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Originally appearing in Volume V21, Page 693 of the 1911 Encyclopedia Britannica.
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PLAGIOCLASE, an important group of rock-forming minerals, constituting an isomorphous series between albite, or soda-felspar and anorthite, or lime-felspar. Inter- mediate members are thus soda-lime-felspars, which in their crystallographical, optical and other physical characters vary progressively with the chemical composition between the two extremes albite (Na.AlSisOs) and anorthite (CaAl2Si2Os). This variation is continuous in the series, but specific names are applied to members falling between showing the relations of the foetal villi to the placental sinuses, the Oligoclase> AbsAni to AbsAni'> Andesine, AbsAns to fusion of the amnion with the inner surface of the chorion, and the thinning of the fused deciduae (capsularis and vera). AbsAni; Labradorite, AbsAni to AbsAni; Bytownite, phylum as Saipa, a placenta is formed, and the embryo is nourished Ab1Ana to AbiAns; Anorthite, An (= CaAl2Si2Os). within the body of its parent. In some of the viviparous sharks, All the members of the series crystallize in the anorthic e.g. the blue shark (Carcharias), the yolk-sac has ridges which fit (triclinic) system. They possess a perfect cleavage parallel into grooves in the wall of the oviduct and allow an interchange of to the basal pinacoid P (oor) and a somewhat less pronounced materials between the maternal and foetal blood. This is an example of an " umbilical placenta." In the viviparous blennies (Zoarces cleavage parallel to the pinacoid M (Or)). The angle between viviparus), among the teleostean fishes, two or three hundred young these two cleavages varies from 86° 24' in albite to 85° 50' in are nourished in the hollow ovary, which develops villi secreting anorthite. It was on account of the oblique angle between nutritive material. Among the Amphibia the alpine salamander the cleavages that A. Breithaupt in 1847 gave the name plagio-(Sa ra atra) nourishes its young in its oviducts until the gilled a stage e o of f development is past, while in the Reptilia the young o. clase (Gr. 7rXa ytoc, oblique, and tcXav, to cleave) to these felspars, viviparous lizard (Seps chalcides) establish a communication between to distinguish them from the orthoclase felspar in which the the yolk-sac anteriorly and the allantois posteriorly, on the one corresponding cleavage angle is a right angle. It should be hand, and the walls of the oviduct on the other. In this way both noted that the potash--and potash-soda-felspars, microcline an umbilical and an allantoic placenta are formed. The mammals are divided into Placentalia and Aplacentalia; (q.v.) an anorthoclase, though also anorthic, are not included in the latter group, to which the monotremes and most marsupials in the plagioclase series of soda-lime-felspars. Crystals are Fused decidua capsularis and decidua vera. Fused mesoderm of amnion and chorion. From A. H. Young and A. Robinson, in Cunningham's Text-Book of Anatomy. usually tabular in habit, parallel to the plane M, as shown in the accompanying figure; sometimes, however, they are flattened parallel to P, this being a characteristic habit of the pericline variety of albite; microlitic crystals forming the ground-mass of volcanic rocks are usually elongated in the direction of the edge between P and M. Twinning is an important character, which is almost invariably present and affords a ready means of distinguishing the plagioclases from other feispars. Most frequent is the twinning according to the "albite law " with M as twin-plane. One half of the twin is turned through 18o° about the normal to this plane and the two portions are united along the same plane (for figures of twinned crystals see ALBITE). The basal planes of the two portions are inclined to each other at a salient or re-entrant angle of 7° 12' in albite and 8° 20' in anorthite. This twinning is usually polysynthetic, being many times repeated, and giving rise to numerous thin lamellae, which are the cause of the fine striations on the cleavage planes P and parallel to the edge PM, so characteristic of the plagioclases as seen in hand specimens. Viewed in polarized light, thin sections of twinned crystals show a very characteristic banded structure parallel to M. A second twin-law is known as the "pericline-law" because of its frequent occurrence in pericline. Here the axis of rotation is the edge x P (the crystallographic axis b) and the plane of composition is the " rhombic section ": the latter is a plane which intersects the prism faces T and l in a rhomb; it is not a possible face of the crystal, and its position varies in the different species. In addition to being twinned according to these two laws, plagioclase may also be twinned on the Carlsbad-, Baveno- and Manebach-laws, as in orthoclase (q.v.). a specific infectious fever, one variety being characterized by buboes (glandular swellings) and carbuncles. This definition excludes many of the celebrated pestilences recorded in history —such as the plague of Athens, described by Thucydides; that not less celebrated one which occurred in the reign of Marcus Aurelius and spread over nearly the whole of the Roman world (A.D. 164-180),1 which is referred to, though not fully described, by the contemporary pen of Galen; and that of the 3rd century (about 2S3), the symptoms of which are known from the allusions of St Cyprian (Sermo de mortalitate). There is a certain resemblance between all these, but they were very different from Oriental plague. " Plague " was formerly divided into two chief varieties: (I) mild plague, pestis minor, larval plague (Radcliffe), peste fruste, in which the special symptoms are accompanied by little fever or general disturbance; and (2) ordinary epidemic or severe plague, pestis major, in which the general disturbance is very severe. Cases which are rapidly fatal from the general disturbance without marked local symptoms have been distinguished as fulminant plague (pestis siderans, peste foudroyante). History up to 880.—The first historical notice of the plague is contained in a fragment of the physician Rufus of Ephesus, who lived in the time of Trajan, preserved in the Collections of Oribasius.2 Rufus speaks of the buboes called pestilential as being specially fatal, and as being found chiefly in Libya, Egypt and Syria. He refers to the testimony of a physician Dionysius, who lived probably in the 3rd century B.c. or earlier; Constants of Plagioclase Felspars. Composi- SiO2. Al20,. Na2O. CaO. Sp. Melting- Cleavage Angle of Mean Optical Extinction. Rhombic Refractive On P.* On M.* In sections non. gr. point Angle Section. * Index (Centigrade). PM. Ab 68.7 19.5 11.8 0 2.624 — 86° 24' + 27° 1.534 + 4° 30' +19° -16° Ab3An, 62•o 24.0 8-7 5.3 2.659 1340° 86° 8' + 3° 1.542 + 1° 4' + 4° 36' + 7° Ab,Anl 55.6 28.3 5.7 10.4 2.694 1419° 86° 14' — 1° 1.558 — 5° 10' -16° +27° Ab,Ab, 49.3 32.6 2.8 15.3 2.728 1477° 86° 4' — 9° 1.570 -17° 40' -29° 28' +48° An 43.2 36-7 0 20.1 2.758 1532° 85°50' — 16° 1.582 -37° -36° +53° * Angles measured to the edge PM. The optical characters of the plagioclases have been the subject of much study, since they are of great value in determining the constituents of rocks in thin sections under the microscope. The mean indices of refraction and the angles of extinction on the cleavages P and M are given in the accompanying table. (The meaning of the + and — directions will be seen from the figure, where the face P slopes from left to right, i.e. the angle between the normals to the faces lettered P and M is less than 90°). The extinction angles on other faces, or in sections of known orientation in the crystal, also give constants of determinative value: for example, in sections perpendicular to the plane M the extinctions, which in crystals twinned according to the albite-law are symmetrical with respect to this place, reach the maximum values given in the table. Not only do the directions of extinction (axes of light-elasticity) vary in the different species, but also the optic axial angle, so that while albite is optically positive, anorthite is negative, and a member near andesine has an axial angle of 90°. The figures seen in convergent polarized light through the P and M cleavages are characteristic of the different species. A detailed summary of the optical characters and their employment in discriminating the several members of the plagioclase series is given by H. Rosenbuch, Mikroskopische Physiographie der Mineralien and Gesteine (4th ed. Stuttgart, 1905). The plagioclases occur as primary constituents of igneous rocks of almost every kind, and are also frequent as secondary minerals in metamorphic rocks. Albite and oligoclase are more characteristic of acidic rocks, whilst the basic members at the anorthite end of the series are characteristic of rocks containing less silica. The composition may, however, vary even in the same crystal, zoned crystals with a basic nucleus and with shells successively more and more acid towards the exterior being common. For further particulars respecting individual species and their modes of occurrence see ALBITE ; ANDESINE ; ANORTIIITE ; BYTOWNITE LABRADORITE; OLIGOCLASE. (L. J. S.)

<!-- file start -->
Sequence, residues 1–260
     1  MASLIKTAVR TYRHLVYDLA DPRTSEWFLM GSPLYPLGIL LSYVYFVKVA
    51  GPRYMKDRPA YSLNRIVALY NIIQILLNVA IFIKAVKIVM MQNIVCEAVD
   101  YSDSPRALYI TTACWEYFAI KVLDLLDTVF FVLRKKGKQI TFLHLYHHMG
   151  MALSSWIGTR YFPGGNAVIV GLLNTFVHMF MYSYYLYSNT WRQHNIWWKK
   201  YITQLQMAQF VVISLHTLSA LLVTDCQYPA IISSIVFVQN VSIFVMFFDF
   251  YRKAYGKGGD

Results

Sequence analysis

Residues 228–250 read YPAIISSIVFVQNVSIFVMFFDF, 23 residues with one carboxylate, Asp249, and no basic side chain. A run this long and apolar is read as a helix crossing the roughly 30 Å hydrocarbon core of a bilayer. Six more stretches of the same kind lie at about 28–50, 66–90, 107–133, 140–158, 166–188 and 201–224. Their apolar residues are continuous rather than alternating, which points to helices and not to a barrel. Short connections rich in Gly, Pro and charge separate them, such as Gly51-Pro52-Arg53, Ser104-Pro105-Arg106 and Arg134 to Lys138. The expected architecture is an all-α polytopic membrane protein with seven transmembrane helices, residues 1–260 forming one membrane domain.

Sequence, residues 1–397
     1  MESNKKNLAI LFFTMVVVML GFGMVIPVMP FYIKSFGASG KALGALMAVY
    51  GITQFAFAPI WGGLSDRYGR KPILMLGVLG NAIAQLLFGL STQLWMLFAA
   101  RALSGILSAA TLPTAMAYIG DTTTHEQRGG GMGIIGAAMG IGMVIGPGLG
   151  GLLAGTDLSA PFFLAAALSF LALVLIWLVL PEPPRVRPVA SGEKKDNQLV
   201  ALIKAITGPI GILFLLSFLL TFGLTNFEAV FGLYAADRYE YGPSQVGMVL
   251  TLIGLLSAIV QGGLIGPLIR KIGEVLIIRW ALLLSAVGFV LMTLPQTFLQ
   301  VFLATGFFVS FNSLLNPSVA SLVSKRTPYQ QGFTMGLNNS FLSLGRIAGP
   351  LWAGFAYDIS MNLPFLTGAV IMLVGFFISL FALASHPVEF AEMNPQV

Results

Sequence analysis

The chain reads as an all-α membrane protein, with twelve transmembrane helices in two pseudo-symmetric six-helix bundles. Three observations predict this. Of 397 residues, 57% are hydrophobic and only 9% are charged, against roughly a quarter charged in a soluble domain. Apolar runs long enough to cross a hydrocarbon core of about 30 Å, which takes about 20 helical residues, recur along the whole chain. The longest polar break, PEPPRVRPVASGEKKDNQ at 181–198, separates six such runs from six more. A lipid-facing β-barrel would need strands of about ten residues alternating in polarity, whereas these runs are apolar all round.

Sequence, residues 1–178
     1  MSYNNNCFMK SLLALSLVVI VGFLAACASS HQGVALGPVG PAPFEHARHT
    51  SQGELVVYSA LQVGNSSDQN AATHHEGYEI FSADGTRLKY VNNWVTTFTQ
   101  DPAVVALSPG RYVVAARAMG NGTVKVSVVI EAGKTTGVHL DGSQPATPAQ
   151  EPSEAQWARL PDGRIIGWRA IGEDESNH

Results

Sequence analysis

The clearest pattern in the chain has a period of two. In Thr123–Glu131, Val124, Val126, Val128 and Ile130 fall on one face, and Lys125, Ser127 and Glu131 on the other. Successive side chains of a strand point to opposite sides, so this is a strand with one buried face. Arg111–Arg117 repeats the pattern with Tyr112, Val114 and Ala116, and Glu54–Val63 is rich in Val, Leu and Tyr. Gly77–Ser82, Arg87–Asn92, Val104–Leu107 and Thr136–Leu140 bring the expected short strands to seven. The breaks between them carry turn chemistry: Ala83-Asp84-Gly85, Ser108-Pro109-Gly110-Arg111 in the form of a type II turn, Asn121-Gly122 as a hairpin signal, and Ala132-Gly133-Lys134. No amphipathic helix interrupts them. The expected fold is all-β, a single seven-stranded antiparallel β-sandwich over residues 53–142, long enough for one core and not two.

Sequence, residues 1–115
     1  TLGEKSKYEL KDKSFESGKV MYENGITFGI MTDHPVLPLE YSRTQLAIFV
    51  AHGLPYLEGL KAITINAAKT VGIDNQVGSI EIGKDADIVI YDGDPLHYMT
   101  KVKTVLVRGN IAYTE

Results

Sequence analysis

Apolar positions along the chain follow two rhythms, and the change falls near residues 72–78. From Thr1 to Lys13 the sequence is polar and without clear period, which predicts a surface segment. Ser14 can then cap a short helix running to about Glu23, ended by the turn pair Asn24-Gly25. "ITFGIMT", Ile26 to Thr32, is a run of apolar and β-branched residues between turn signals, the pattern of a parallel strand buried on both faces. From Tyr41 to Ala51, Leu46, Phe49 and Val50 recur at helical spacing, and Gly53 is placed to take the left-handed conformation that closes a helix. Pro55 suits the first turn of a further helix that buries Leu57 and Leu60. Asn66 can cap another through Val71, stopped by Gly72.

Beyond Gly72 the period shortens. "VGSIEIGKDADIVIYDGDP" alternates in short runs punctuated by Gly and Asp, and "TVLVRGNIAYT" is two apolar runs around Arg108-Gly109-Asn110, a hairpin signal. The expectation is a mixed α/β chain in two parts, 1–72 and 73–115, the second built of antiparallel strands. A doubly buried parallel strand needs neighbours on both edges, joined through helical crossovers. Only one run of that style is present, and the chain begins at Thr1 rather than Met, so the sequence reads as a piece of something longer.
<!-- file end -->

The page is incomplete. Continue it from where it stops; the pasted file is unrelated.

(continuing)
End of Article: PLAGIOCLASE
PLAGUE (in Gr. Xotµos; in Lat. pestis, pestilentia...